If the ref bends to your will, you can also see that the opposition, on hearing of this conversation and perceiving a change in refereeing style, may take the view that they've been disadvantaged - and put in their own complaint. If a coach wants a word, I try to ensure that the oppo coach is there too. If that's not possible, I'll ensure that the oppo coach is made aware of any conversation that may have taken place. This means that I have to consider both sides. But the truth is that as an experienced ref, I'm already doing my best. if it isn't good enough, you'll have to withdraw your players, because I can't improve dramatically in the timescales you have available.
 

The Fat


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The situation as described in the OP raises a related question that annoys me a little when talking about community level rugby. That is the lack of numbers of people prepared to complete an AR course to assist in the running of their club and to support the referee appointed to any community level game.
In my zone, if Andy P's game had an accredited AR running touch, the referee would have at least a second pair of eyes to report foul play. If we have a young referee, and particularly for matches of U15 and up, our club will always attempt to have an accredited AR or another referee run touch to assist the referee. I have heard so many times that for a lot of our forum members they are lucky to have a stray dog run touch for them. This is a sad reflection of the lack of support by local clubs.
Our zone requires clubs to have one accredited AR for each team nominated in the competition (sadly, this "requirement" is not always met but it is not too far off). For example, a junior club that nominates U8, U10, U12, U13, U14, U16 & U17 would need to have either 7 club members complete an AR course or alternatively have a couple of club ARs available so that one of them was available whenever any or all of those teams were playing at home.
The AR does not have to be appointed to the junior games. If there is an accredited AR (or referee), wearing AR or Ref kit, willing to run touch, then he/she can perform all normal AR duties (report foul play etc) to assist the referee. If I do not have an appointment and I know a young ref is doing say an Under 16 or U17 match at my local club, I try my best to get there with kit to run touch. The young refs are very appreciative and sometimes you can sense their relief knowing they have some backup.
People who complete an AR course and become accredited receive a polo shirt (in NSW it is gold with NSW Rugby logo and sponsors logo) to wear during matches so that they are easily identified as being accredited. They also receive an AR flag.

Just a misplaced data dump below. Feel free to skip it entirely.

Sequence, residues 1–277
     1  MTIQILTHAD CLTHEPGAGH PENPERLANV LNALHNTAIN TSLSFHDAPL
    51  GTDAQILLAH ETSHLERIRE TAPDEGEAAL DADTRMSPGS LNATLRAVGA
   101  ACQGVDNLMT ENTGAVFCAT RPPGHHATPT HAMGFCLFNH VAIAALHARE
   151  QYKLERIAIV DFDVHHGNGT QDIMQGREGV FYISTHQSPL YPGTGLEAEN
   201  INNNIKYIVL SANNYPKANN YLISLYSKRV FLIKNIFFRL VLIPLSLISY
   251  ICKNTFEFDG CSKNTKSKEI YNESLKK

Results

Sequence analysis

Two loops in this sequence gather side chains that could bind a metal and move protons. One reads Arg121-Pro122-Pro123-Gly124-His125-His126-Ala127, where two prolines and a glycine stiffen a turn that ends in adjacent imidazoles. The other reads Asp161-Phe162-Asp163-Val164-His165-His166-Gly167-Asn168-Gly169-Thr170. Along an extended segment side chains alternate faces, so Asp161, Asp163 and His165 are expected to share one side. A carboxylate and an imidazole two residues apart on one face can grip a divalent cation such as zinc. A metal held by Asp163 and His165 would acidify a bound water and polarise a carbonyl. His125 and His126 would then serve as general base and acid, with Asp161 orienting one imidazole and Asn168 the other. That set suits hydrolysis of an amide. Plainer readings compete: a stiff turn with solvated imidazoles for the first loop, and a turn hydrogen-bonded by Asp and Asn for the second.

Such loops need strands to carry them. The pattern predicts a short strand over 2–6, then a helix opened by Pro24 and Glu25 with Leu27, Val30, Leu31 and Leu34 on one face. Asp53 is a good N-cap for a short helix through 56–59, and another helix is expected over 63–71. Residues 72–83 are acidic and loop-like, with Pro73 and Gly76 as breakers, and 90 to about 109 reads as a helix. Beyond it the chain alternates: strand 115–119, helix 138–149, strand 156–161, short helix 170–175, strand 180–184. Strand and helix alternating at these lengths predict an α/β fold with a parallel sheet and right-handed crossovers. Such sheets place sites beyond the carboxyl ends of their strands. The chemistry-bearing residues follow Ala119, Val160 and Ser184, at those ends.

It is so important to have support for young referees officiating at junior matches and also for any referee handling the older junior age grades where the testosterone levels are starting to overtake brain function in many of the players.
All clubs are required to have a Ground Marshall and to provide a scorer.
As for coaches approaching refs at half time, I am not a fan of this where a younger ref is concerned (we all know that some coaches do not have the coolest heads). I believe it is best for all communication to come through the captain. I don't like the idea of having a young ref intimidated by an irate coach at half or full time.

Bottom line is that all clubs should be made to have a certain number of accredited ARs based on the number of teams playing for that club.
 

didds

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Are you saying there is no middle ground, it's either accept or come off?

yup.

You could try to have a friendly word with the ref, but also consider rightly or wrongly

* what that looks like from the opposition's viewpoint
* some will consider such an action as 100% unacceptable whatever the circumstances
* even if you have said word, the ref may choose to ignore it.

I have no other suggestions as to a workable solution unfortunately, and I wish I did.

didds
 

The Fat


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What an excellent idea!:biggrin:

Your other points are very valid too.

LLP,
In our zone, each team has its own book of team sheets. Prior to the match each player's name and ARU rego number is entered and each player signs beside his name. To the right hand side of the match sheet are columns for recording tries, conversions, PKs, DGs, YCs & RCs, and substitutions/replacements/blood bins.
At the bottom of the sheet is space for match result, reports, 3-2-1 best & fairest points (awarded by the match ref), names of ARs/TJs.